Reporting Copyright Infringement on Other Websites

If another person has posted your original Opntrip story or image onto another website, this guide will help you to understand the process of submitting a copyright report.


How does posting on Opntrip protect my copyright?

When you post your story or image on Opntrip, we automatically include the date of publish on that story (or post) for you. This establishes the proof of creation required for any copyright issues that arise. If there is any dispute about the original source of the work, the registered date of the digital work on Opntrip provides support for your claims.

Similar story lines or plot themes

Please note that copyright protects the expression of an idea and not the idea itself. Unfortunately, similar story lines or plot themes are not enough to constitute a copyright violation. Unless there is substantial evidence of copyright infringement that can hold up in a court of law, website administrators may not be able to remove the story. If this is the case, we suggest you try to contact the other writer and respectfully try to resolve the issue in private.


Who should I contact?

On the homepage of the website where your story has been copied, look for tab Contact Us. This link can sometimes be found at the very top or very bottom of the web page. Depending on the size and popularity of the website, you may have to fill out an online form or send an email to the website’s support staff.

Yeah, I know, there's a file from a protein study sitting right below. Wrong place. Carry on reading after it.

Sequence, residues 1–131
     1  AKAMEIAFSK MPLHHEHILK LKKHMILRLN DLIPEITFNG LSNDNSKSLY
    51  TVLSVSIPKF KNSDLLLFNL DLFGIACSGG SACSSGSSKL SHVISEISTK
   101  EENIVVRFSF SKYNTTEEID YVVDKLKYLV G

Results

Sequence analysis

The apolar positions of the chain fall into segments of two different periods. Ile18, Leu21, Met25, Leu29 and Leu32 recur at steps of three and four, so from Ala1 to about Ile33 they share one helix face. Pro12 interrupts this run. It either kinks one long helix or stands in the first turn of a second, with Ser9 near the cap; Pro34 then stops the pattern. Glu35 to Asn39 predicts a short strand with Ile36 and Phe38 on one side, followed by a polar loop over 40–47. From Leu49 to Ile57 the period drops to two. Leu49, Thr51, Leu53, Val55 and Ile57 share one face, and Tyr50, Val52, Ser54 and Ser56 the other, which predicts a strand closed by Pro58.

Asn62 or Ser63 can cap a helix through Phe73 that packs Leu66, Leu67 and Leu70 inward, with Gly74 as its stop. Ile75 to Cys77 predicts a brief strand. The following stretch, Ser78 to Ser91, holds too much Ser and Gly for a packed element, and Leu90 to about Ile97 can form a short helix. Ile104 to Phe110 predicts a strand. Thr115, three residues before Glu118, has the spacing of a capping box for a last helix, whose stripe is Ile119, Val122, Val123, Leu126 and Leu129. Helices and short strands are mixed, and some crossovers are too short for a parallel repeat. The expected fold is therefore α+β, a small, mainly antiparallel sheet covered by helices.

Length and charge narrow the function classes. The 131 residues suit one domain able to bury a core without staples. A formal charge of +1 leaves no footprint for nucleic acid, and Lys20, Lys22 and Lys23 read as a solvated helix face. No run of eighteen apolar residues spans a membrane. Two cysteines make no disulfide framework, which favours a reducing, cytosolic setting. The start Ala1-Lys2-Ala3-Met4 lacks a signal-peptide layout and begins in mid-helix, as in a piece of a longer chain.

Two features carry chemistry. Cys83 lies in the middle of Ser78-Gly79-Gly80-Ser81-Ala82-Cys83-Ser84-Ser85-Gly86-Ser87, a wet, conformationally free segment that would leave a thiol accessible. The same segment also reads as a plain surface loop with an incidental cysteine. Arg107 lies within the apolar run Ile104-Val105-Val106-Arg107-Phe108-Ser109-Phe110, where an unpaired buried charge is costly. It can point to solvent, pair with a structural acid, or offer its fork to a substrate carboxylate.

Tip: If you are still unable to find the right contact information, try searching for “[website name] report copyright” through your preferred search engine.


What information should I include?

If the website requires you to fill out a form, be sure to include all the information that is being requested. Alternatively, if you have to contact the web administrators through email, include the following information:

  • The title of your original work, the date it was posted onto Opntrip, and the direct link/URL to the Opntrip page it’s posted on
  • The title of the copied work, the date it was posted (if available), and the direct link/URL to the page it’s posted on
  • A description of what has been copied (i.e. a portion of your story has been copied, your entire story has been copied, etc.)
  • Ask for an update on the actions being taken and provide instructions on the best way to contact you (an email address will do)

If you are requested to provide an official Digital Millenium Copyright Act (DMCA) take-down notice, please refer to DMCA Section 512(3) Elements of notification to see what type of information needs to be included.